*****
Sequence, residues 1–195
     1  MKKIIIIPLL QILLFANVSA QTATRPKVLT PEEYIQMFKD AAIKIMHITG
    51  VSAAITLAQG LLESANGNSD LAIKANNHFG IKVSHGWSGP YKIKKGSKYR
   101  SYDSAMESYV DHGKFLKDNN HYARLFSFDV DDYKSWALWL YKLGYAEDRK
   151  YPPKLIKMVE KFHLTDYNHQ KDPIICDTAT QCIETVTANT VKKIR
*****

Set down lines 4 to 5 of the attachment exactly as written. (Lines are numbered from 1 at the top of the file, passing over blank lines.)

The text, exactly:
   101  SYDSAMESYV DHGKFLKDNN HYARLFSFDV DDYKSWALWL YKLGYAEDRK
   151  YPPKLIKMVE KFHLTDYNHQ KDPIICDTAT QCIETVTANT VKKIR